"Umi & Sakana" Competition
An excellent example of Nissui's efforts toward social contribution is its co-sponsorship of the "Umi to Sakana Competition" Independent Research and Artwork Contest.
Sponsorship of the 34th "Umi to Sakana Competition" Independent Research and Artwork Contest
An excellent example of Nissui's efforts toward social contribution is its co-sponsorship of the "Umi to Sakana Competition" Independent Research and Artwork Contest. Toward the end of the 1970s, Japanese people had begun to eat less and less fish, and the consumption of fishery products was stagnating. Nissui's customer service center took up the challenge of how make to people more interested in fish again and, as a result, decided to co-sponsor the "Umi to Sakana Competition" Independent Research and Artwork Contest. The contest, which was held for the first time in 1982, aims to direct the attention of elementary school-aged children to "sakana (fish)", which hold an important position in the Japanese diet, and to the "umi (ocean)" that fosters the fish.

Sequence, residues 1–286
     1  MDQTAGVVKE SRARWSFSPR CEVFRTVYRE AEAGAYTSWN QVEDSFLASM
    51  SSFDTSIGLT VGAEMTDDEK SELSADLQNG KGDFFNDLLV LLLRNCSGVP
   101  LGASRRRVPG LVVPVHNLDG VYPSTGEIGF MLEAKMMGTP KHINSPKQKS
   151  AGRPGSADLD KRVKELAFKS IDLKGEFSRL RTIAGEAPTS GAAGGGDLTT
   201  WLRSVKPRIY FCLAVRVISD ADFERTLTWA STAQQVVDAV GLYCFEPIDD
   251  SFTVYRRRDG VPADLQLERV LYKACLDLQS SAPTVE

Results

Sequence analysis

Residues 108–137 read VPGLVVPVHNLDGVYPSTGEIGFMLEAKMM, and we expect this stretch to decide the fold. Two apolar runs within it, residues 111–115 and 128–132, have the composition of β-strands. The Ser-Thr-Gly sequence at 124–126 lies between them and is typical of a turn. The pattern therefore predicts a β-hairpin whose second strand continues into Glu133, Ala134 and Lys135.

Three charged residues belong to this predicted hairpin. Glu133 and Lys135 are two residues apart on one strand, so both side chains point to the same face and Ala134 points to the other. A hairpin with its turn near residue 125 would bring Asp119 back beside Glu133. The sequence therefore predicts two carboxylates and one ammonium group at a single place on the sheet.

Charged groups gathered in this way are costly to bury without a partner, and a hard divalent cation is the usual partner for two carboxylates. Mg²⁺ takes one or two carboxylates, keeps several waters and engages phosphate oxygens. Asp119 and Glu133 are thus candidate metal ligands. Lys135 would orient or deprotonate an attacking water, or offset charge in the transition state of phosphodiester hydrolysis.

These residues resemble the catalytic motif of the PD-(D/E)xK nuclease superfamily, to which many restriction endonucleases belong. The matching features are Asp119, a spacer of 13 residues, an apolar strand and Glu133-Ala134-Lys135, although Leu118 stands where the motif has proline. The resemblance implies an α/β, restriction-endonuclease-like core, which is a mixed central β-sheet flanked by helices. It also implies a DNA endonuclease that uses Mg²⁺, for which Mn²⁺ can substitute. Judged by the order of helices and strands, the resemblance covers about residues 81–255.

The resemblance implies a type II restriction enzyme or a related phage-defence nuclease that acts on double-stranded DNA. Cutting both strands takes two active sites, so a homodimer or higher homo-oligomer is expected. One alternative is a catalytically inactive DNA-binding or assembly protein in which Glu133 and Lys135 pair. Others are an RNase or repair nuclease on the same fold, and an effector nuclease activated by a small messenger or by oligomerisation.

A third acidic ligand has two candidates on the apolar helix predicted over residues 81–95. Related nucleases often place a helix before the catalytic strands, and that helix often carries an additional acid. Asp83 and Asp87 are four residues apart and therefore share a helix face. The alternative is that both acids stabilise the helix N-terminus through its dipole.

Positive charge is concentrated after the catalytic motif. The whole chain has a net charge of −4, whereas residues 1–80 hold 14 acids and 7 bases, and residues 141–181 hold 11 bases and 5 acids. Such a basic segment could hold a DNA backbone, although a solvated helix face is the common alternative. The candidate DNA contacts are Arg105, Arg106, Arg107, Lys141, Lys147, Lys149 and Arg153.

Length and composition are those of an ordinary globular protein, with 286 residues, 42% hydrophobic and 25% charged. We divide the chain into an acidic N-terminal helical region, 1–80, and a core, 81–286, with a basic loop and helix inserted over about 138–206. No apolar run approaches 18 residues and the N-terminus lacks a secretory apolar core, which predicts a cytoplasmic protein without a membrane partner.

This content is held once a year, with the aim of getting elementary school-aged children to learn about the relationship between the ocean and fish and their own lives from multiple angles through experience. It is hosted by the Asahi Shimbun Company and Asahi Gakusei Shimbunsha and supported by the Ministry of Agriculture, Forestry and Fisheries, the Ministry of Education, Culture, Sports, Science and Technology, the Japan Agency for Marine-Earth Science and Technology (JAMSTEC), the Fisheries Research Agency (FRA), the Japan Overseas Educational Services (JOES), and the Japanese society of Fisheries Science, with cooperation from the Japanese Association of Zoos and Aquariums and the Japanese Society of Fisheries Science. The contest in 2015 was the 34th consecutive event.